Three Questions LOTTE GLOB
Three Questions to Lotte Glob
Your work comes from the land and the spirit within it- lochs, mountains, stones, as living beings. When did you first feel this connection and how do natural forces shape your work?
I remember clearly the moment I first felt that connection. I was seven years old and had just arrived - at 3am - with my family in a remote Norwegian glen. I recall the giant mountains, the rocks, the trees, the smells and the stillness of the land. I remember hearing the distant sounds of a waterfall and I knew from that moment where I wouldn’t want to live. From then on I drew mountains, trees and waterfalls and I have been roaming on beaches, forests and fields, drawing, collecting and making things from the natural objects that I find, including, of course, clay - and I haven’t stopped yet!
Indigenous cultures acknowledge kinship
holistically- land, water, sky, plants, animals, and people as part of a whole ecosystem. How does this idea of kinship relate to your Danish ancestry and your roots in the Northwest of Scotland?
My childhood in Denmark was rooted in history. Icelandic sagas and Nordic fables were the stories I read and from an early age I was helping my father, an archaeologist, with his work. I would be set tasks to scrape moss off boulders, looking for old rock drawings which he needed to record. I trailed behind him through the landscape as he took photographs of graveyards, old trees, monuments, the remnants of the past. In this way the past became my future.
At nineteen years old, I arrived in Scotland. I had an instant feeling of connection to the land and the people of the north. My work has alwaysHeading for the Shore | hand-coloured etching | 41cm x 60cm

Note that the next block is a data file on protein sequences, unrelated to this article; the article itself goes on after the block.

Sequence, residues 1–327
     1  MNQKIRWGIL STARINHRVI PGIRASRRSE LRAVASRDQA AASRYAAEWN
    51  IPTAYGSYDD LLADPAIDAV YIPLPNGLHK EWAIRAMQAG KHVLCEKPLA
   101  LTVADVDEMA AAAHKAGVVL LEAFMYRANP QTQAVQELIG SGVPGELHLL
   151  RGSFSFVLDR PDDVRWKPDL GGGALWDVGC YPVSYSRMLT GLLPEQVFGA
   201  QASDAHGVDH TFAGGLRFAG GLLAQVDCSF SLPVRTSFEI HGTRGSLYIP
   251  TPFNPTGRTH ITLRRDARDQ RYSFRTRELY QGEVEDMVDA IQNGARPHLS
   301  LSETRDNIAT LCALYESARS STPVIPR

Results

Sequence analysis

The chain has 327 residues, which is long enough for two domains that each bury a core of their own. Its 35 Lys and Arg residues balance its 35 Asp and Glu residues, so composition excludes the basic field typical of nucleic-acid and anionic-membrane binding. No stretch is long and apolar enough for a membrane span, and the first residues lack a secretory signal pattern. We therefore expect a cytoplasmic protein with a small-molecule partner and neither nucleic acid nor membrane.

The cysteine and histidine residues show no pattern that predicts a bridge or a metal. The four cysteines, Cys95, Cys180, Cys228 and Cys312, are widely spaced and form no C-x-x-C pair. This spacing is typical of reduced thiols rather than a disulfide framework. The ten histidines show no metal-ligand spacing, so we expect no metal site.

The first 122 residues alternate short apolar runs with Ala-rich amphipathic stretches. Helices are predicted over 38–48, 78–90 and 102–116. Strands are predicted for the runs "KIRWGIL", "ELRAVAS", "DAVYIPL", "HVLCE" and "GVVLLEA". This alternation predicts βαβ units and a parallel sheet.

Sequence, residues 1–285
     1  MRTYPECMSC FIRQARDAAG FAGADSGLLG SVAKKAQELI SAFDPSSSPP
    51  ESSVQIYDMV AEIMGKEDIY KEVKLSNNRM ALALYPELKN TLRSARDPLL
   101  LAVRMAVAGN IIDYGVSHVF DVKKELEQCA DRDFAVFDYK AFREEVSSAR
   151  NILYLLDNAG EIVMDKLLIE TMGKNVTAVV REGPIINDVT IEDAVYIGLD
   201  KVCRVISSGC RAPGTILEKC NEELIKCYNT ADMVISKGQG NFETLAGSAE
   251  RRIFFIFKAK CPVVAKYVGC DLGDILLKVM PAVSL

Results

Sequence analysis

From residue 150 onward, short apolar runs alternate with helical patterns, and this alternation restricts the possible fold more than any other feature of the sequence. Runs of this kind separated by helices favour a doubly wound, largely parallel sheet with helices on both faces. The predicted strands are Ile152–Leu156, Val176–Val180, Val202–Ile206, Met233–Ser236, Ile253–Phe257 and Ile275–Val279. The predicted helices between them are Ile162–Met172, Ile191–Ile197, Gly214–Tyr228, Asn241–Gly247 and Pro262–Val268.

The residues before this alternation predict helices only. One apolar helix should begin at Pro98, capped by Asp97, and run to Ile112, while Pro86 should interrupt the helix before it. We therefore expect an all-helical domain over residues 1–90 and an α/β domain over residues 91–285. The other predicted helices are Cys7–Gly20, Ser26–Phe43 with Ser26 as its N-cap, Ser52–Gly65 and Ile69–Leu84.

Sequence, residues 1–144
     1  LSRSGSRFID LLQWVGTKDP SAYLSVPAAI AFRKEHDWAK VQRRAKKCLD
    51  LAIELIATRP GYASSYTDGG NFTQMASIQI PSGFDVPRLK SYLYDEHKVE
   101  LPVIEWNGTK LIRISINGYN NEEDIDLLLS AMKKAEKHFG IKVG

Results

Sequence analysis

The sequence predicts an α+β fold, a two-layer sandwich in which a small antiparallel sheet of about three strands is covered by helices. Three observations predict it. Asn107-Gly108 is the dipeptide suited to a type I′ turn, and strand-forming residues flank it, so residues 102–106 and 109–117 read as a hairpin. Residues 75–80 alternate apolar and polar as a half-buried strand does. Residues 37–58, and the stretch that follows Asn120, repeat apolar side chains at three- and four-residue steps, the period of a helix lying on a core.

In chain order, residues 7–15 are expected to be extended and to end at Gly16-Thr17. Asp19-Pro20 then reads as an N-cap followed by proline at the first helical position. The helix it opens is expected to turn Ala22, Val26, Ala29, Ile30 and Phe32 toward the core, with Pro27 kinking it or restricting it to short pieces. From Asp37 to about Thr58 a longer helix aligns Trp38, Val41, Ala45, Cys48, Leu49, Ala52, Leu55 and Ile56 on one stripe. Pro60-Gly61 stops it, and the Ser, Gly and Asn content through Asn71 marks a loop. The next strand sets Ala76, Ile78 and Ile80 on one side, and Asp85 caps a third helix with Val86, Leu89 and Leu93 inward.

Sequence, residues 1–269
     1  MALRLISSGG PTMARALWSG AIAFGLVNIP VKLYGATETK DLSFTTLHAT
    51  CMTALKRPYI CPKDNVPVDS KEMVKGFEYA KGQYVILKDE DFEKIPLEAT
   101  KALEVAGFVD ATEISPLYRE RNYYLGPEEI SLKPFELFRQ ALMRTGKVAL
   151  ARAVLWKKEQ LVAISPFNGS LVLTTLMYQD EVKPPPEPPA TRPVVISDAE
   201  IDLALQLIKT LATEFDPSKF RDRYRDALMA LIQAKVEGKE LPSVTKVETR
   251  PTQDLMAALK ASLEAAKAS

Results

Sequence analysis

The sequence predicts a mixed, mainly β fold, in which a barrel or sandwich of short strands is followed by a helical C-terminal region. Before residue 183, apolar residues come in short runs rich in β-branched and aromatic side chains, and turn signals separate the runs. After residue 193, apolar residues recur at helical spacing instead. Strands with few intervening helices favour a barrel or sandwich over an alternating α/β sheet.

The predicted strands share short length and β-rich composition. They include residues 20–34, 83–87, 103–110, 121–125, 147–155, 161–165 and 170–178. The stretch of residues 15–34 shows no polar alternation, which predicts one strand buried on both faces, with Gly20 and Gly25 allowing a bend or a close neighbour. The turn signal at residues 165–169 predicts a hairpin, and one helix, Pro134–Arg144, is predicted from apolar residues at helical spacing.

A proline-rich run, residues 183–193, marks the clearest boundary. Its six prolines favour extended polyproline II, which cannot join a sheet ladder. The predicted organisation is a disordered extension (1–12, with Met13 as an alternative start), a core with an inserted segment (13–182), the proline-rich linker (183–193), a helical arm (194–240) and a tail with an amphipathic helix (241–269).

Your Eriboll creatures are joyful expressions of being at one with the landscape and also the child within. How important is play in the studio and how does this influence how you see the world around you?
arisen from the world around me, both natural and human - I hear the geology, I feel the culture and history of the people in the old sites, the ruins, the ancient villages and I feel part of the past. I have also travelled extensively in the nordic landscape, in Faeroes, Iceland and Greenland. So, to answer your question, deep down inside me I am carrying an old Viking.
For me play equals experiment equals learning equals exploring equals surprise equals creativity equals fun. Play gives you the freedom to create.
Play for me is serious and hard work. You don’t so much have ideas as ideas find you. Then you are caught by them and have to follow them, just as it was at seven years old, but with the help of the technical skills I have learned over many years.
It is important for me to be out in the landscape, observing, absorbing, thinking or just clearing my mind of thought. My Loch Eriboll creatures arise from this process but they are not always joyful things. They are troubled beings, emerging from polluted seas, leaving behind the once pristine waters, coming to the land to question the irresponsible actions of man.Gnasher | ceramic Flying creature